This includes federal, state, and local government employees as well as those in the Post Office; they
are designated as working in the ‘‘public administration’’ sector in the industrial codes.
470 / MARLENE KIM
different jobs or from holding different skill levels.5 Although examining
the cause of occupational differences is beyond the scope of this paper,
including controls for occupations in separate regressions allows me to
examine the extent to which wage differences are caused by holding differ-
ent jobs versus other factors (Blau and Beller 1992).
One caveat is that like much research on earnings penalties, I do not include
quantitative measures of skill, other than education and potential work experi-
ence. Research that has included test scores from the Armed Forces Qualifica-
tion Test (AFQT) as control variables find that black men and black women
earn the same as their white counterparts once these controls are included (see
Neal and Johnson 1996; O’Neill 1990). Proponents of these studies believe
that AFQT scores are better measures of skill than those typically used in
wage studies, such as years of education and estimated work experience, and
that the AFQT measures aptitude, intelligence, or school quality.
Like many quantitative measures of aptitude and intelligence, however, their
use remains highly controversial. For example, studies that include AFQT scores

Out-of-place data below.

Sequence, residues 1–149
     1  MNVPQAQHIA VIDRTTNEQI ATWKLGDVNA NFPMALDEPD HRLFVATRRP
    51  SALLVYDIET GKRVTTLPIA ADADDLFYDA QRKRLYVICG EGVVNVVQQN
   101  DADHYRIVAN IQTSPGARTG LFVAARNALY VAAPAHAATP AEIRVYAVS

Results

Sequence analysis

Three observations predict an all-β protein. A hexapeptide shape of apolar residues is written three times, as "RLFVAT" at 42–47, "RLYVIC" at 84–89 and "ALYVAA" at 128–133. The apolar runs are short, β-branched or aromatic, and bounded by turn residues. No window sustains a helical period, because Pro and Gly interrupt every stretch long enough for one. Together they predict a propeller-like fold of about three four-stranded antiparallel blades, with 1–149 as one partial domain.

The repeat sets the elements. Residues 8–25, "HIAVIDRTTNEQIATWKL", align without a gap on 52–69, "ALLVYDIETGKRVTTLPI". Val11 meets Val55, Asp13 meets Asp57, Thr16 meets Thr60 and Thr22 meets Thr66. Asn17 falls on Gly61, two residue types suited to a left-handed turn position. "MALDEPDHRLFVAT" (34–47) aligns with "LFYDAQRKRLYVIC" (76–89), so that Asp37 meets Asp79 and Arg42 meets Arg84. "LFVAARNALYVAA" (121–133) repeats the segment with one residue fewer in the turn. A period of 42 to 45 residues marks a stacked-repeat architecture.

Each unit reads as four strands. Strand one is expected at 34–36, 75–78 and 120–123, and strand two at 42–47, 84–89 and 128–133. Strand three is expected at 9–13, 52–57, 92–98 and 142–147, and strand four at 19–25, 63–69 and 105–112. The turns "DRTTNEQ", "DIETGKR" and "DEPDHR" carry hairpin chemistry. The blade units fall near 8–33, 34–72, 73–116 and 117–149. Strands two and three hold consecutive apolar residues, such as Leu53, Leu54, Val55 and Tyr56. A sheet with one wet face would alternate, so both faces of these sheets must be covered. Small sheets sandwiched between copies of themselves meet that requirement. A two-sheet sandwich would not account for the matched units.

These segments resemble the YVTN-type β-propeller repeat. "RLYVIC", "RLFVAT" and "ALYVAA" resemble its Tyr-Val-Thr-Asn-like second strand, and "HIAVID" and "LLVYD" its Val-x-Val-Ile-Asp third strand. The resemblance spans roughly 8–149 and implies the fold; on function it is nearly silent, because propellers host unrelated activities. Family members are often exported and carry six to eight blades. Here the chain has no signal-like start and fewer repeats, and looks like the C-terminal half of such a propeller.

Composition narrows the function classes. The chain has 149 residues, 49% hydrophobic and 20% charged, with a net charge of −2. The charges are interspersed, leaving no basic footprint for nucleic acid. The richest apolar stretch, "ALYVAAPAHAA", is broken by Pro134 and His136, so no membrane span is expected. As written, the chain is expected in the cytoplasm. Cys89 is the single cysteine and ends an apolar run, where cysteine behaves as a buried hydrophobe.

as well as measures of psychological capital find evidence of race penalties for
both black men and women (see Goldsmith, Darity, and Veum 1998; for an
excellent summary of the critiques of racial studies with AFQT scores, see Darity
and Mason 1998; see also Rodgers and Spriggs 1996). Because my data do not
contain them, and because I am examining why previous research that does not
include these variables finds contradictory results for black women, I do not
include these variables in my analyses. This research thus extends and re-exam-
ines previous research that does not include such quantitative measures of skill.

5
There is a large debate around the cause of occupational segregation by race and gender. For segrega-
tion by gender, researchers posit that women may prefer different jobs than men (Killingsworth 1987;
Polachek 1979, 1981) perhaps in order to have more flexible hours and more time with their children (see